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Har-Bal Promises to Turn Anyone Into a Mastering Engineer


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[url=http://news.harmony-central.com/Newp/2003/Har-Bal.html]Har-Bal Promises to Turn Anyone Into a Mastering Engineer[/url] [url=http://www.har-bal.com/]WEBSITE[/url] EH?!?!?! :rolleyes: :rolleyes:

 

Jesus Is Coming, Make Music, Get Ready!

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This looks interesting enough and as was mentioned is similiar to frequency morphing that freefilter does - only loudness compensated attuned to the way we perceive sound (equal loudness contours). Gotta pay attention to how that cochlea perceived things at different freqs and loudness levels (SPL - get out your radio shack SPL meters !) I've been looking at this same thing for the past couple of months only using VST CurveEQ (Voxengo.com) that hase 60 bands - Aleksey calls it EQ stealing. You can push the EQ of your song into the EQ curve of another song by varying amounts. Following that you can also push that result into an inverse 'A' weighted EQ curve which is called 'greynoise'. I put the 60 band greynoise settings on the forum over where CurveEQ lives. You can also try this with Arboretum Ionizer but it's too expensive to justify really. Plus you don't really have to morph, you can save the spectrum of your favorite CD or greynoise in Ozone2 spectrum analyzer and push your eq into that curve. But there's another issue down in the low bass 20-60 Hz. If you simply push those first couple of octaves up into someone elses EQ curve a lot of times there's too much density down there and you really aren't fixing anything. You're just pouring concrete. I've added some space and fluff down there by using PSP MixBass psycoacoustic settings at 30Hz that generate just a touch of synthesized bass down there. Hal-Bar sounds interesting anyway I might give it a closer look. Thanks for the link. This weekend I'll be pushing into some curve, probably with Curve EQ, and doing some parallel upward compression/expansion using this technique... http://www.nthelp.com/mastering/faq/specialtechniques.htm I think someone posted on these forums... :cool: kylen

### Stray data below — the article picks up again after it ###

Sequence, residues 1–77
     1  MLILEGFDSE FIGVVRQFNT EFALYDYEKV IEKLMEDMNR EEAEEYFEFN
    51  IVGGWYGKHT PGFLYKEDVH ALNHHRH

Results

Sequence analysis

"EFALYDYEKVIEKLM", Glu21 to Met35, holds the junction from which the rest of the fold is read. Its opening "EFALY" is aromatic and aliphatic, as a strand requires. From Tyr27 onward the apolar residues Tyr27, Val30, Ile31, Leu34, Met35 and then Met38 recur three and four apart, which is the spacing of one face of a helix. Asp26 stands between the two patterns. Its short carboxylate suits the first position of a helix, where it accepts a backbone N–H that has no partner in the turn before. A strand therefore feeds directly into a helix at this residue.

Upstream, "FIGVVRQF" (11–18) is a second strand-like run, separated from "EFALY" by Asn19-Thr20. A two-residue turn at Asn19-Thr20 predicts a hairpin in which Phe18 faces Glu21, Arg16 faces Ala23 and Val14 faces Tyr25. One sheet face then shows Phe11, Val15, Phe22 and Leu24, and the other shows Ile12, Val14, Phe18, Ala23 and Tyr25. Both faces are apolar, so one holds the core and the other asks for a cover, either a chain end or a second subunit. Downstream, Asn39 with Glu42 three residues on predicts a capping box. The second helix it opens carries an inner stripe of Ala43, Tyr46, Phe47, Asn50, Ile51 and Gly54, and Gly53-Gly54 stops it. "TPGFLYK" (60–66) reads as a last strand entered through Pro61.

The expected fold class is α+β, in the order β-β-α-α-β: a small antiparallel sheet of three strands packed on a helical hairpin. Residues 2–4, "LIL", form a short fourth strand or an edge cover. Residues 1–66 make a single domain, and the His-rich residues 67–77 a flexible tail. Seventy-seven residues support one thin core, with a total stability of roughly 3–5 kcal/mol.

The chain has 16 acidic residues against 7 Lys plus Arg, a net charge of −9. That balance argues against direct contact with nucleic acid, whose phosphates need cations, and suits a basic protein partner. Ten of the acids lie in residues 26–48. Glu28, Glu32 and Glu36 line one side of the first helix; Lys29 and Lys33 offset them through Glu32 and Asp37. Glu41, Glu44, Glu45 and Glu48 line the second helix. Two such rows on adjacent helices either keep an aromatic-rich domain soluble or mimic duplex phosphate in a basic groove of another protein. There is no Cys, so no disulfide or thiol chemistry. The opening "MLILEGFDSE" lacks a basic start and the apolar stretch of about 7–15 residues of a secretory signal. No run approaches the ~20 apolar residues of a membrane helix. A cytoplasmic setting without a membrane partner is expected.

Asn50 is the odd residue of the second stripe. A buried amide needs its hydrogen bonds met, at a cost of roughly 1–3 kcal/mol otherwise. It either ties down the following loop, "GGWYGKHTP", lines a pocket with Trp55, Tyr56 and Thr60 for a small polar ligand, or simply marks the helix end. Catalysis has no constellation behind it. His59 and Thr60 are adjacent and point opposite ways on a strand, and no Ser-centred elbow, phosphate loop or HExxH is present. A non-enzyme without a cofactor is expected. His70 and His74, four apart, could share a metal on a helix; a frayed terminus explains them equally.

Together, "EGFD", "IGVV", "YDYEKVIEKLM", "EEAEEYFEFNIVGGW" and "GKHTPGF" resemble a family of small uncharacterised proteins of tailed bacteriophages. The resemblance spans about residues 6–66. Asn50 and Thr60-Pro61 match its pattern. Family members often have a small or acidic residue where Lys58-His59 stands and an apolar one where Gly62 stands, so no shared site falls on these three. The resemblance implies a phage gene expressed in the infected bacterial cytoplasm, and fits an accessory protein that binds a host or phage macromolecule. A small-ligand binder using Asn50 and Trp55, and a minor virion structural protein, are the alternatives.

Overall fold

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  • 2 months later...
I'm reviewing this for EQ, and a few things... 1. It WILL NOT turn you into a mastering engineer. Actually, I think mastering engineers are the best people to use this tool. 2. Har-Bal requires ears -- you need to correlate what you HEAR as being wrong with what you SEE on the spectrum analysis of your signal. 3. It does NOT do curve-morphing like FreeFilter. You can load a reference file for visual comparison, but you can't "impose" one curve on the other. 4. It's not available as a plug-in -- stand-alone only (although Mac and plug-in versions are supposedly on the way). 5. IMHO it's a fascinating tool with a dead-simple interface that, in the right hands, really can make files sound better. It's also quite an ear-training tool. It doesn't touch dynamics or anything else, just EQ, and it does a superb job of fixing EQ anomalies IF the person using it has decent ears. Check out the review in the January 2004 EQ for more details.
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I've got that thing and like it well enough. You have to be able to accurately hear what you're doing to judge the cause-and-effect of pushing or pulling on a peak as opposed to a broader bandwidth. It also helps if you understand why you would want to push or pull on anything in the first place. And you have to kind of understand what your music is made up of in oder to understand why it would look a certain way on an averaging and peaking spectrum. I think if you push into the saturator a bit it will have an affect on dynamics although that isn't the main feature and is seperate from the curve balancing piece. I'm going to use it to compare my room curves too while balancing acoustics. That's my take on it anyway. Also the web site is so over-hyped you'd think all you have to do is match curves while you're watching TV. Ha Ha. Paavo might want to fix that - he's real quick on support too ! Looking forward to the review ! 2c kylen